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Boston Globe Editor: Marathon Coverage Shows Why ‘Metro Papers Matter'

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Front page of the Boston Globe on April 16, 2013. | Newseum

NEW YORK -- It’s been a tough few years for large metropolitan daily newspapers, amid layoffs, buyouts and declines in advertising. The Boston Globe, like others, has scaled back and is now up for sale. And while potential suitors are kicking the tires, the paper may only go for around a tenth of the $1.1 billion price tag it fetched 20 years ago.

But the gloomy state of the newspaper industry didn't stop Globe reporters and photographers from springing into action following a pair of deadly explosions near the finish line of the Boston Marathon on Monday afternoon.

Brian McGrory, a Globe veteran who became editor just four months ago, told The Huffington Post that the paper’s marathon coverage showed why “metro papers matter.”

“This shows how vital they are when disasters strike,” McGrory said. “The Globe and its website became something like a town square, where people turned for information and they got it."

The Globe pulled down its paywall Monday -– a move McGrory called a “no-brainer” -- and drew 1.2 million unique visitors, which is six times the average, according to a Tuesday morning memo. The paper’s free site,, drew five times the average number of unique visitors and triple the number of page views. The memo noted that 4.5 million people viewed the dramatic video made by sports reporter Steve Silva as he ran toward the site of the first explosion.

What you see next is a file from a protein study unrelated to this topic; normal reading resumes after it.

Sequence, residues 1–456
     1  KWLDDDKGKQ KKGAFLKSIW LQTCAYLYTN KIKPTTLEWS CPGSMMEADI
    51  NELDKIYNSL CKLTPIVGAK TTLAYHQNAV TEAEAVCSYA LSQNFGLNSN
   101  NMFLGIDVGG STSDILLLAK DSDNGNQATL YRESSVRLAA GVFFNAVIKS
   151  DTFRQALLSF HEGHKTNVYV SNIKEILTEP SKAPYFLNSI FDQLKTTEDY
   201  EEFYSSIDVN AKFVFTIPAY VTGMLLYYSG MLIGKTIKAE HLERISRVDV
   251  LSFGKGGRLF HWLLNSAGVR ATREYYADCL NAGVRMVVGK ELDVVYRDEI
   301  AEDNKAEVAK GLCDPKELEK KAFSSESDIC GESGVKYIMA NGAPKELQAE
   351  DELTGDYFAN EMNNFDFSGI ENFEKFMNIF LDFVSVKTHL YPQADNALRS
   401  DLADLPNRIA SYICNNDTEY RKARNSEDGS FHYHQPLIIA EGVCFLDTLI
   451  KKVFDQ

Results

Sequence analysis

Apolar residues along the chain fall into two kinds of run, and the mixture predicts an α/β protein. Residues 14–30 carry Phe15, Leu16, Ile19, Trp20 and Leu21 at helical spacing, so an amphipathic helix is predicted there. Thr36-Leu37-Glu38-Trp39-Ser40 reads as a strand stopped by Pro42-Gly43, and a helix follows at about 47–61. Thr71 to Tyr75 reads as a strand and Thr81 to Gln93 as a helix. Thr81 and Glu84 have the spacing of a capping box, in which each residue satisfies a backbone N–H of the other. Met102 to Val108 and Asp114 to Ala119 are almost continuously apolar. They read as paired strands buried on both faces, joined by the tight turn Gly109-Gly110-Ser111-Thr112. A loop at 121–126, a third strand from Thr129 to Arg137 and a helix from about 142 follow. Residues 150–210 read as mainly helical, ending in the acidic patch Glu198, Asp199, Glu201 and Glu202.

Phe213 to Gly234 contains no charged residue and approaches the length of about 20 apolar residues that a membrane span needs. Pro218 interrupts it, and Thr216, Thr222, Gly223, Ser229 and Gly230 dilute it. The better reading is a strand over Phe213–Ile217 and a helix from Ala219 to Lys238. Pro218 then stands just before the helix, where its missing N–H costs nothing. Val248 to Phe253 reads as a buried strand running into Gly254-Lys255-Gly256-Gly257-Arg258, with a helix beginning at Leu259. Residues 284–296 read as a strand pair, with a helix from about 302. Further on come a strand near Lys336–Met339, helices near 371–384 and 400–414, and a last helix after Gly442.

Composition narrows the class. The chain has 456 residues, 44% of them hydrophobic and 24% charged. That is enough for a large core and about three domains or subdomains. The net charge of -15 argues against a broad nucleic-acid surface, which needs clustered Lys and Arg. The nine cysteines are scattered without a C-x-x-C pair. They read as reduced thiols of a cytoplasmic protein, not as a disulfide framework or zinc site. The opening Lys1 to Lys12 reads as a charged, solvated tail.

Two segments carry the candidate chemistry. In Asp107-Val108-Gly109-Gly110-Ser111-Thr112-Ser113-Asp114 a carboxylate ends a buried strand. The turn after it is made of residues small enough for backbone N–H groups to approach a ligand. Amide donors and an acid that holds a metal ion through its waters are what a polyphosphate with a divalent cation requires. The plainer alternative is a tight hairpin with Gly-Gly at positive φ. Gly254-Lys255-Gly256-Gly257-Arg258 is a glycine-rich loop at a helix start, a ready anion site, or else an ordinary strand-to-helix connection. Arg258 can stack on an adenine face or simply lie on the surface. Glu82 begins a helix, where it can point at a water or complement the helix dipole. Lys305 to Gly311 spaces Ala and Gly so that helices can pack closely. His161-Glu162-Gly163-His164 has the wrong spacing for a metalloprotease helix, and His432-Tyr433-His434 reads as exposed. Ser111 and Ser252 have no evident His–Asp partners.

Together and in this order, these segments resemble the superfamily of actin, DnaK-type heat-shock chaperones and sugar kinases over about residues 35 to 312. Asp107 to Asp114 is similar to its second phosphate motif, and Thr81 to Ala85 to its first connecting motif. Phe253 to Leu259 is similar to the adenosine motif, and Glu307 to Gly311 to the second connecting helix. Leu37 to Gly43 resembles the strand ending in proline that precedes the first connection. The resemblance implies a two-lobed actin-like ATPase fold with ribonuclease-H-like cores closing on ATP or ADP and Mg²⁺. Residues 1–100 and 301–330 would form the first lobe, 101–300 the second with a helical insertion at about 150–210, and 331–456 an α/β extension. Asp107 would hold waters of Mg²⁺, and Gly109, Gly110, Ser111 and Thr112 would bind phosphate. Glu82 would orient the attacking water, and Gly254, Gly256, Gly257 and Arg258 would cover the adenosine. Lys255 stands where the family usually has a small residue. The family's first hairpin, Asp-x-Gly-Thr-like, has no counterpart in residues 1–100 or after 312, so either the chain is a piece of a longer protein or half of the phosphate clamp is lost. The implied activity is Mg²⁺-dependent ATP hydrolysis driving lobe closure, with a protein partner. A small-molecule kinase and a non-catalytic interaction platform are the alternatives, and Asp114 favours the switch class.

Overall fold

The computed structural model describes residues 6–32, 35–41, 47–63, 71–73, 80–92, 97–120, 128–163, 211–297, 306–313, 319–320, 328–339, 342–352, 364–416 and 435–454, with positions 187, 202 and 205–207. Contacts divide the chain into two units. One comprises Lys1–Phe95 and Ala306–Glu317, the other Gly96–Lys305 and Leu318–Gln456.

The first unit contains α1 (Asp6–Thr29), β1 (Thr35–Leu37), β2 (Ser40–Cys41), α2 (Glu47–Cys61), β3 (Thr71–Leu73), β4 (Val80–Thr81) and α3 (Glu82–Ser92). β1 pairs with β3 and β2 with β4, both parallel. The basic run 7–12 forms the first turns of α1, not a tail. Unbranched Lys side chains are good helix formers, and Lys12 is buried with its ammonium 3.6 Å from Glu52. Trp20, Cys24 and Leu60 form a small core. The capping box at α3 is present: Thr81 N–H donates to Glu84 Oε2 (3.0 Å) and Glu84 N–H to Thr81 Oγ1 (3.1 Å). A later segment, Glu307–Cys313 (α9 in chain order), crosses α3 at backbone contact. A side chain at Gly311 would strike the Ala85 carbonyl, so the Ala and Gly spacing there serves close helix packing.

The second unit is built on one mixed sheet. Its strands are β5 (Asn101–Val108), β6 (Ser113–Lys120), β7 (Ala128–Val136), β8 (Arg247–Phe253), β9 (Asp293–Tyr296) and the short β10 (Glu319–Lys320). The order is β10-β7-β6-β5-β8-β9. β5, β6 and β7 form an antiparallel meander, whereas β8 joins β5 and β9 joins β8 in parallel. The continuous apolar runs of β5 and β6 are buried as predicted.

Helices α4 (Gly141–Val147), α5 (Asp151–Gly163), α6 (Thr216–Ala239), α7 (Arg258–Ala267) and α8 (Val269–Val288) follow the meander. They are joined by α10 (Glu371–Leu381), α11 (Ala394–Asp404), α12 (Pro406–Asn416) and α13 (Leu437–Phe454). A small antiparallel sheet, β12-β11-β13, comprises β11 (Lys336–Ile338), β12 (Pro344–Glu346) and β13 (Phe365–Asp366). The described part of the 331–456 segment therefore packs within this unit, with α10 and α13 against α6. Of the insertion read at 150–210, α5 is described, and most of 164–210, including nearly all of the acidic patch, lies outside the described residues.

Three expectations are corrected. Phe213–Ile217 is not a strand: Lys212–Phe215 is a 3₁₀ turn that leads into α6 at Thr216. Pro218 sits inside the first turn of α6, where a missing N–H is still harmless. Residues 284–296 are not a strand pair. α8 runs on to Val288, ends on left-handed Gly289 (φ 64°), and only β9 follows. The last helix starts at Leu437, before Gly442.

McGrory praised both Silva and photographer John Tlumacki's "commitment to the craft." Tlumacki snapped a now iconic photo of police scrambling and a runner on the ground near the finish line that landed on front pages around the country Tuesday. It will be the cover of this week’s Sports Illustrated.

Tlumacki “captured the photos beamed around the world, the most compelling photos anyone had," McGrory said.

Meanwhile, the Globe's Michael Rezendes was one of over a half-dozen journalists who ran in the marathon before shifting to covering it once the bombs went off.

"It was all hands on deck," McGrory said. "People came back from vacation. People just threw their beats to the wind. Everybody was involved in what was still considered a dangerous situation. It was really quite something to behold."

McGrory happened to be out of town when the explosions went off, but oversaw the marathon coverage remotely and returned to the newsroom on Tuesday.

Going forward on the marathon bombing story, he said, "the entire resources of the Globe will remain behind this."

Also on The Huffington Post

Boston Bombing: Front Pages
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